When it comes to truly bizarre children’s television, this 1977 British series is without a doubt, and I apologize for putting it this way, king of the castle.
Written by Bob Baker and Dave Martin, the creators of the wonderful Sky and K-9 from Doctor Who, King Of The Castle was their attempt to create a Kafka television show for kids. It follows the life of picked-on Roland (Philip DaCosta), trapped in an oppressive private school boys choir, terrorized by the other kids in his high rise, and kept at an emotional distance by his father and step-mother.
An incident with the gang of teens in the staircase leads to Roland taking flight in a broken elevator that careens down into the basement and brings in a number of workers to try and pull him out.
That effort takes the run of the series and while it goes on, we see Roland’s adventures in the surreal underbelly of the high rise — that is, the Castle — as he deals with a mad scientist, an alluring witch, a hostile warrior, and reams of bureaucracy that take the initial fairy tale feel of the story into the realm of the more surreal, where everything works against Roland, and every attempt to help the denizens of the underbelly is eventually twisted on itself a point of prosecution. Or is it really all just a plan for freedom? You decide.
While the inspiration might have been Kafka, the tone of the show felt far more like Patrick McGoohan’s The Prisoner, particularly the last several episodes of that show which took the action outside of the standard settings. And while as a fable of empowerment and assertiveness, it might seem facile to an adult audience, I can only imagine little kids in 1977 taking this in. Parts are genuinely creepy, especially some of the earlier moments in the series where they make the clunky method of superimpositions on the video to create atmosphere really work toward the surreal aesthetic.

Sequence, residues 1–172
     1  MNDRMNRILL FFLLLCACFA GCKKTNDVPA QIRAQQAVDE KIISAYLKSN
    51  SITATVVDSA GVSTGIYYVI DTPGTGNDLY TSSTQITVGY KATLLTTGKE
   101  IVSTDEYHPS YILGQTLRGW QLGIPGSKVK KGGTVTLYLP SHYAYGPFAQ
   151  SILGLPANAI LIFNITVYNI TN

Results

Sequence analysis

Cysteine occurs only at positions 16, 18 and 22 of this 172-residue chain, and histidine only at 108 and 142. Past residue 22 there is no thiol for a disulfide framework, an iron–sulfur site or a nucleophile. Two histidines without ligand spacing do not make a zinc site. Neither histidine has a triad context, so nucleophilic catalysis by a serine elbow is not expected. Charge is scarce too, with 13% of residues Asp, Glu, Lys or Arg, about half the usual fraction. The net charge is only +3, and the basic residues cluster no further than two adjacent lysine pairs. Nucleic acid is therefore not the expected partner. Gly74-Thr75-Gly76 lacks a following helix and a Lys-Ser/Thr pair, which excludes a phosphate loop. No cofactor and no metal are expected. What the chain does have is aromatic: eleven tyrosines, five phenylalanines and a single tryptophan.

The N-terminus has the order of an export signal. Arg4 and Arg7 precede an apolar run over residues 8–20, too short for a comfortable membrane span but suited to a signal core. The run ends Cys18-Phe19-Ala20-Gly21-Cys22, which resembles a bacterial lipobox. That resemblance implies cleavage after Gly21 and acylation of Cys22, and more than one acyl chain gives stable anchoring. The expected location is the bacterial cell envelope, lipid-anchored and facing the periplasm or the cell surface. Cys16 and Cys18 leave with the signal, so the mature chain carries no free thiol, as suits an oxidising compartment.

Also of note is Talfryn Thomas, the Welsh actor who had previously appeared in the first season of Survivors as the sleazy weasel Tom Price, a pivotal character in that show’s examination of black and white. Here, he is the custodian of the high rise and Vein, Roland’s guide through the basement, and he plays both with the same slithery gusto.